Posts: 4,318
Some good news. Second diamond company to relocate to Calgary.

http://www.cbc.ca/news/canada/north/...ates-1.3840165

And some bad news. This is pretty sobering, but not unexpected given the state of the industry right now.

http://www.ctvnews.ca/business/calga...ists-1.3151333
__________________
Two things are infinite: the universe and human stupidity; and I'm not sure about the the universe.

Albert Einstein
Reply With Quote
     
     
  #470  
Old Posted May 14, 2017, 12:30 AM
McPaul McPaul is offline
Registered User
 
Join Date: Jul 2006
Location: New Westminster
Posts: 375
I'm debating moving back to the city. I transfered out to Vancouver for the olympics and ended up staying here. Now that I'm looking for the job (working contract work in between) I'm thinking a move to Calgary is in order. At some point Calgary labor market is going to explode again and I would love to get out in front of the trend.

Can someone give me an idea of what to expect?

I'm restricted to public transit and would like to be located near the train lines. Also it would be awesome to have grocery/costco nearby. Where should I be looking? Any up and coming neighborhoods?

Also, what have I missed since 2010? The Bow wasn't even complete when I left, nor was the west LRT line. What projects would I most be impressed with?

Cheers!
Reply With Quote
     
     
  #471  
Old Posted May 14, 2017, 5:30 PM
s211 s211 is offline
Registered User
 
Join Date: Oct 2008
Posts: 4,276
Quote:
Originally Posted by McPaul View Post
Also, what have I missed since 2010? The Bow wasn't even complete when I left, nor was the west LRT line. What projects would I most be impressed with?

Cheers!
Hmmmm.... maybe look at the Calgary construction thread?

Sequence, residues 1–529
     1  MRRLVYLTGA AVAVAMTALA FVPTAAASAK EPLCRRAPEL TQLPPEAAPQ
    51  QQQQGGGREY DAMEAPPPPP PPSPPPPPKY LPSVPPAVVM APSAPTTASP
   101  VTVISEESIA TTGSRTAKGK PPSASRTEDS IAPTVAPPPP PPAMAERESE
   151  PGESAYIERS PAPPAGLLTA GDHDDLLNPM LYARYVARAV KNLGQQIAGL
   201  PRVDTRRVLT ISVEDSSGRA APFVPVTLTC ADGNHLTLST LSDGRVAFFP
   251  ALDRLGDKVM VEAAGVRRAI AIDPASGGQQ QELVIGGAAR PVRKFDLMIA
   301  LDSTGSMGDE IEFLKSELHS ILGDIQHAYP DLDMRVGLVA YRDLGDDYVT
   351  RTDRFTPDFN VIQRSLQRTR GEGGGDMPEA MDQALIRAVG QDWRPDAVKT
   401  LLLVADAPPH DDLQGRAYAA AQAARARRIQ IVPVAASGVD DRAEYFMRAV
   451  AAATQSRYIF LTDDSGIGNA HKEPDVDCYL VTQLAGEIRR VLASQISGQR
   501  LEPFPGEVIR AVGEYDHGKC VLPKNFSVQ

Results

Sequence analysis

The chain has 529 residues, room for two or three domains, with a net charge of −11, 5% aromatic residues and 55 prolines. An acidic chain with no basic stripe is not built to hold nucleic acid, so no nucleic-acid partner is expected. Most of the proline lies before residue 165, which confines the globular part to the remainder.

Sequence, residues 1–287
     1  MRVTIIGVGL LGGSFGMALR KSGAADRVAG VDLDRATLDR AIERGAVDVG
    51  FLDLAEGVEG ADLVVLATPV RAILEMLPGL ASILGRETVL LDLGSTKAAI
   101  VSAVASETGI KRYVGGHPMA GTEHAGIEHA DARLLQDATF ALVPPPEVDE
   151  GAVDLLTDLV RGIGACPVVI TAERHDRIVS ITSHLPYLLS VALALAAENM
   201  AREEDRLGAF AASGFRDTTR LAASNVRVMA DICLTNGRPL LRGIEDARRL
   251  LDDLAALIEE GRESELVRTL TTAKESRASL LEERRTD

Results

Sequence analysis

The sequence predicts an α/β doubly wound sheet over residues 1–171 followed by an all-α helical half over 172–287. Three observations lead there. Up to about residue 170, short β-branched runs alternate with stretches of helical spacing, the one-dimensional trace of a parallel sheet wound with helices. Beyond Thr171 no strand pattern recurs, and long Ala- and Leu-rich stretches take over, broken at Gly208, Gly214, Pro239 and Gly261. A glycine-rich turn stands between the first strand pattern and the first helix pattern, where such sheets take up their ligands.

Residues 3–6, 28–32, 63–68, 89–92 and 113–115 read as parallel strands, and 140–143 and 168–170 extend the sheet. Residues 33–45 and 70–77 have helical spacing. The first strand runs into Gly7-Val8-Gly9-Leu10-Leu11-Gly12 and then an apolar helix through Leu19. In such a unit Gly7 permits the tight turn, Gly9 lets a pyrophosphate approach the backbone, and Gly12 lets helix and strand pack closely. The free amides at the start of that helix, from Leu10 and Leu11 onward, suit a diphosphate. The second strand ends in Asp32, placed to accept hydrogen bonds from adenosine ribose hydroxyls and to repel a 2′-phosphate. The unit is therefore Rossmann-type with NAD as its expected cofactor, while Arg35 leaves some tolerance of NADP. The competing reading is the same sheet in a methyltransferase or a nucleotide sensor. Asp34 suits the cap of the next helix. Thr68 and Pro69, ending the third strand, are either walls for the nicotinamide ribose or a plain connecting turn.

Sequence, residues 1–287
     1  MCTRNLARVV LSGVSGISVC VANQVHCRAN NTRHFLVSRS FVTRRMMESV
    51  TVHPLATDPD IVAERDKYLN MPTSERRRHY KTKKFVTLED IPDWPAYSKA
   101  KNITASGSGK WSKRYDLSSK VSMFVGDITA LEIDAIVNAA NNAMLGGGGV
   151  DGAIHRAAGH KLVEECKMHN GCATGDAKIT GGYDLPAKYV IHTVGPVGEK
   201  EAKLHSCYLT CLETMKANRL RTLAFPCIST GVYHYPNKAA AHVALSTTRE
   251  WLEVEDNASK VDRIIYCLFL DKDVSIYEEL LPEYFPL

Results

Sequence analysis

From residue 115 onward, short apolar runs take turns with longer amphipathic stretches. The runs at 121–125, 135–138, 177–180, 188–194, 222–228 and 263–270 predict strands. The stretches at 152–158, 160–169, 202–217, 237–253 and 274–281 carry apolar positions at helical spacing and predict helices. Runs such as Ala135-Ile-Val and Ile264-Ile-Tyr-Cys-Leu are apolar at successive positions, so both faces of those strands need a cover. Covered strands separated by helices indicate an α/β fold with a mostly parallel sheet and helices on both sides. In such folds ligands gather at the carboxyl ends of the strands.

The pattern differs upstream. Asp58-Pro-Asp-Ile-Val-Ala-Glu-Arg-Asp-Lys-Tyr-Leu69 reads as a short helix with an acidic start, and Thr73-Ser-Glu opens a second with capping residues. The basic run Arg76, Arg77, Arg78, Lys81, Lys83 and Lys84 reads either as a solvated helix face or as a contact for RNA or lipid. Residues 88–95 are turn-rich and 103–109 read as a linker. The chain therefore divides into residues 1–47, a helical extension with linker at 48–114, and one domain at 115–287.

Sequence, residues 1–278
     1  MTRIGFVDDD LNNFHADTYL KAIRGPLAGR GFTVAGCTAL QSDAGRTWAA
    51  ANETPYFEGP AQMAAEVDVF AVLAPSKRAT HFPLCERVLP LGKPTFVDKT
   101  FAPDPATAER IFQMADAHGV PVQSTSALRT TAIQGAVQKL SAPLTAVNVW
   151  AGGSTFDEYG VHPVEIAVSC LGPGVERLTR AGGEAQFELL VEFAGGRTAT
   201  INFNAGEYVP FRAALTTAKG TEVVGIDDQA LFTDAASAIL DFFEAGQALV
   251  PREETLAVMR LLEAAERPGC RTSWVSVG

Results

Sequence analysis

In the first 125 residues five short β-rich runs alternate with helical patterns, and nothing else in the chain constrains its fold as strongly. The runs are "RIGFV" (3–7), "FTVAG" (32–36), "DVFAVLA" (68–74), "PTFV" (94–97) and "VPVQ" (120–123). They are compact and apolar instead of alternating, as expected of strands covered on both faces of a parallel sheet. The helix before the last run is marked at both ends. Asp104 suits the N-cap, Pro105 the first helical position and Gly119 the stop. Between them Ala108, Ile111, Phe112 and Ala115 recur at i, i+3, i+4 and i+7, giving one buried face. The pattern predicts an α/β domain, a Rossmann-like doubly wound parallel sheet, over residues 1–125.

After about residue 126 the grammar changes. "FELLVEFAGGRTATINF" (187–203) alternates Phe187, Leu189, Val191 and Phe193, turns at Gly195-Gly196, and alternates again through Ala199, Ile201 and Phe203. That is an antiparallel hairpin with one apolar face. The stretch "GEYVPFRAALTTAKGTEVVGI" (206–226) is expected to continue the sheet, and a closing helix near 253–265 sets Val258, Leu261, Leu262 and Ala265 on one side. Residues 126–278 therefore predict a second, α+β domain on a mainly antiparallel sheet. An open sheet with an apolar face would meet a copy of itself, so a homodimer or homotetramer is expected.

__________________
If it seems I'm ignoring what you may have written in response to something I have written, it's very likely that you're on my Ignore List. Please do not take it personally.
Reply With Quote
     
     
  #472  
Old Posted May 16, 2017, 8:56 PM
JonnyCanuck JonnyCanuck is offline
Registered User
 
Join Date: Oct 2015
Posts: 71
Quote:
Originally Posted by McPaul View Post
I'm debating moving back to the city. I transfered out to Vancouver for the olympics and ended up staying here. Now that I'm looking for the job (working contract work in between) I'm thinking a move to Calgary is in order. At some point Calgary labor market is going to explode again and I would love to get out in front of the trend.

Can someone give me an idea of what to expect?

I'm restricted to public transit and would like to be located near the train lines. Also it would be awesome to have grocery/costco nearby. Where should I be looking? Any up and coming neighborhoods?

Also, what have I missed since 2010? The Bow wasn't even complete when I left, nor was the west LRT line. What projects would I most be impressed with?

Cheers!
To comment on jobs here and where you might want to situate yourself. I'm not so sure that the labour market is going to rebound like it has after past recessions and downturns. There has been some consolidation & sell-offs in oil & gas which means companies have downsized permanently. Also, the large companies have put oil sand expansion projects on the back burner. Depending on the demand for our energy products, it may be years before those projects get the green light. Judging from our almost 30% vacancy rate in downtown office space, I don't see any other industries jumping in to fill that void. It will take some time for that to happen.
As for living, I assume you will be renting. If so, the good news is that there is a glut of rental units (both brand new and existing) in the inner city (anywhere in the Beltline). There are good deals to be had on medium to long term leases.
Reply With Quote
     
     
End
 
 
Reply

Go Back   SkyscraperPage Forum > Regional Sections > Canada > Alberta & British Columbia > Calgary > Calgary Issues, Business, Politics & the Economy
Forum Jump


Thread Tools
Display Modes

Forum Jump


All times are GMT. The time now is 5:32 PM.

     

Powered by vBulletin® Version 3.8.7
Copyright ©2000 - 2017, vBulletin Solutions, Inc.